The freight train rumbles over the Blue Nile bridge and snakes through the capital. It could take weeks to reach its destination, in Darfur, for despite the potential to link up a divided nation, Sudan’s railways are derelict, after years of sanctions and neglect.
With more than 5,000km of track, Sudan has one of the longest railways in Africa, extending from Port Sudan on the Red Sea to Nyala in the war-torn west, and from Wadi Halfa on the Egyptian border to Wau in the far south.
However, it now carries less than 6 percent of Sudanese traffic, and the last passenger train to depart from north Khartoum station left six months ago, according to a policeman guarding the empty building.
Prior to that they ran twice a week, he said, leaving early in the morning and arriving at the northern border town the following evening, covering a distance of around 900km.
“There are passenger trains still running, but they are very rare,” said Mohammed Ahmed Makkawi, the general manager of Sudan Railways Corp (SRC).
Sudan’s railways prospered in the 1960s and 1970s, driven by a thriving agricultural sector and foreign investment, and their decline mirrors the wider stagnation of the Sudanese economy.
Like other officials in the sector, Makkawi blames the poor state of Sudan’s narrow-gauge train system on US economic sanctions, first imposed in 1997 and renewed as recently as November last year.
“Most of our locomotives are from America, but most of them are out of service because of sanctions. We can’t get spare parts,” he said. “We are trying to get financing for another track, to make it a standard gauge, so that it can carry a lot of equipment and goods and passengers, and be much more reliable.”
Khartoum has managed to buy new locomotives from China in recent years. However, plans to build a new line from Port Sudan to Khartoum, the busiest route, would cost an estimated US$1 billion, money that the destitute Sudanese government simply does not have.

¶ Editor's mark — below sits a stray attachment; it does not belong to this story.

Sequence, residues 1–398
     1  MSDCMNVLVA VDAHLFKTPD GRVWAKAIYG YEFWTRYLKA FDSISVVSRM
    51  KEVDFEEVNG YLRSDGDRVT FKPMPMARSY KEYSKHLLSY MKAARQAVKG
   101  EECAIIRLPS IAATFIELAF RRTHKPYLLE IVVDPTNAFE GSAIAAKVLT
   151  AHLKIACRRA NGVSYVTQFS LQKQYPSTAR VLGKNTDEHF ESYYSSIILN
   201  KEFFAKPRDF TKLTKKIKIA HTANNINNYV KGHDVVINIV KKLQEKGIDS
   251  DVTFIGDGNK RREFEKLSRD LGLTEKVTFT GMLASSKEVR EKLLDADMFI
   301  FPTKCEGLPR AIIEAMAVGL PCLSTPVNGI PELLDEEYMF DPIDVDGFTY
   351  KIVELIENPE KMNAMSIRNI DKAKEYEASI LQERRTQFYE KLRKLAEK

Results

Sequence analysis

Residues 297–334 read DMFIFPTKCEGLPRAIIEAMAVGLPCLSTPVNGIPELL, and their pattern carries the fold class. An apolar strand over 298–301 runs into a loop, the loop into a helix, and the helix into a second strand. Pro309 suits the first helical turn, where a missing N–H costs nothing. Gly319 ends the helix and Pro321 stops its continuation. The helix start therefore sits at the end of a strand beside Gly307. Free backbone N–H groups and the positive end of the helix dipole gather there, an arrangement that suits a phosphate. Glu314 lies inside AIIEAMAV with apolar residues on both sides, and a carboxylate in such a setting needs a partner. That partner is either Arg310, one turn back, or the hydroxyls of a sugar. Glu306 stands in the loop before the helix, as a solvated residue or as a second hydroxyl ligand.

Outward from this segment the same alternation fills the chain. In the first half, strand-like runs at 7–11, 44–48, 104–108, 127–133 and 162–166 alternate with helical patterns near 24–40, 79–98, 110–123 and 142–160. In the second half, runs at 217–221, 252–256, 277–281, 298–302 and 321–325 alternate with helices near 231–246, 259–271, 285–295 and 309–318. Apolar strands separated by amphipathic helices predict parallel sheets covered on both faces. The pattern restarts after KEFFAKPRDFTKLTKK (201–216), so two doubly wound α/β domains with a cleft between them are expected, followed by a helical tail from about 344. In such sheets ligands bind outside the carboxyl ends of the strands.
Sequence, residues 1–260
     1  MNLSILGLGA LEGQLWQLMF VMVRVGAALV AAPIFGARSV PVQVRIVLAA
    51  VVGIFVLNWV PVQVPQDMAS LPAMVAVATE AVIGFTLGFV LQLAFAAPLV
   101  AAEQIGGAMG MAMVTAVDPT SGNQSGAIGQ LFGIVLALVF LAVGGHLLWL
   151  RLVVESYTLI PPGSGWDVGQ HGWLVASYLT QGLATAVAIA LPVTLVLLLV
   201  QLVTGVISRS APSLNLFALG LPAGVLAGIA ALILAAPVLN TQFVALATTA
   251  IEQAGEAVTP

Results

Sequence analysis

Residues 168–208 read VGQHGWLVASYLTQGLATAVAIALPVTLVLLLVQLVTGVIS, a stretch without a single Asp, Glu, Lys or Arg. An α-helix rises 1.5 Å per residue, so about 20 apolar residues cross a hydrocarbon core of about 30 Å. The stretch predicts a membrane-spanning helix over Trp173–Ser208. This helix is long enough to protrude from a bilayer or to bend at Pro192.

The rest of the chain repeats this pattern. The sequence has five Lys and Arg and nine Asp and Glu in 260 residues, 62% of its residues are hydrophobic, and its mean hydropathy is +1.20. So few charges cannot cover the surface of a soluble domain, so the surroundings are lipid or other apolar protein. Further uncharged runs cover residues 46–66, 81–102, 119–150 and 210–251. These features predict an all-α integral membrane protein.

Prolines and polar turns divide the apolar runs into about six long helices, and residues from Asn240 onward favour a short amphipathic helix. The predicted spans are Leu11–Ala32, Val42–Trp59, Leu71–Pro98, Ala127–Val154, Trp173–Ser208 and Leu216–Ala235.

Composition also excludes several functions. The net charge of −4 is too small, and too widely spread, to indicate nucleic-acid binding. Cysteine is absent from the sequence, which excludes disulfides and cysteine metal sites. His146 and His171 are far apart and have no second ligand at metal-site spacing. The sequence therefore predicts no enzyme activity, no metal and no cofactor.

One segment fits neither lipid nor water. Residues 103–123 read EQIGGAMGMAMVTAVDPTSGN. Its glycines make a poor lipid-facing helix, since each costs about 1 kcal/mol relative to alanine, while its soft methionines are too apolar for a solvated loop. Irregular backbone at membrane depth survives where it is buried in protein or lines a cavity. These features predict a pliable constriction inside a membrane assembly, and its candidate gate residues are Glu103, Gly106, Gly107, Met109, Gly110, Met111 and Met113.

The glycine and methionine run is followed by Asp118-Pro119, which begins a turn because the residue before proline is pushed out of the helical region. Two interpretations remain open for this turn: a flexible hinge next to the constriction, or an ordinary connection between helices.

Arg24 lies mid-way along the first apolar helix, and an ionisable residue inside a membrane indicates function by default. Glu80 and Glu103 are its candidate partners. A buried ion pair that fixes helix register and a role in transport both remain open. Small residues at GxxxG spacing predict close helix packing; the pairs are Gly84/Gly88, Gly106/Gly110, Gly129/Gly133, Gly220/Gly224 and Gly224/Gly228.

Most of the tracks are ancient — 73 percent of the railway lines were constructed before 1930 — with the 50km branch line connecting Muglad to the Abu Jabra oil field being one of just a few to be built in the last half century.
Ironically, it was conflict that initially prompted the development of Sudan’s railway. The first section of the present-day network was built by the British in the late 19th century to support their military operations against Sudanese leader Muhammad -Ahmad al-Mahdi, who had defeated the colonial forces about 10 years earlier. It was later expanded, and used profitably to export animals, sugar and cotton primarily from Gezira state, Sudan’s agricultural heartland south of Khartoum, between the Blue and White Nile.
However, despite a string of belated reforms in 2005, the Gezira farming scheme has experienced gradual stagnation, and the railway system declined partly as a result.
Ahmad Sikainga, professor of African social and economic history at Ohio State University, points to another key factor in its demise, namely the determination of successive governments to suppress the rail workers union, which formed the core of Sudan’s once-powerful labor movement.
Rail workers now receive paltry salaries, the SRC suffers from chronic administrative problems, the trains and tracks require extensive maintenance and passengers report frequent stoppages.
Abdel Fadeel al-Nur had a particularly bad experience last year.
The 28-year-old engineer got a job with the rural development fund in Nyala, South Darfur, and had to get five tractors there from Khartoum, so he decided to put them on the train, having done the 900km journey some years earlier in just three days.
“I left Khartoum on May 13 and arrived in Nyala on June 13,” Nur said.
“We stopped for one day in Sennar, because of technical problems, and then again in Kosti for three days. Then we stopped for 12 days in Rahad, for more technical repairs to the train. We were also delayed because of fighting in Darfur,” he said. “I don’t think I will ever travel again by train.”
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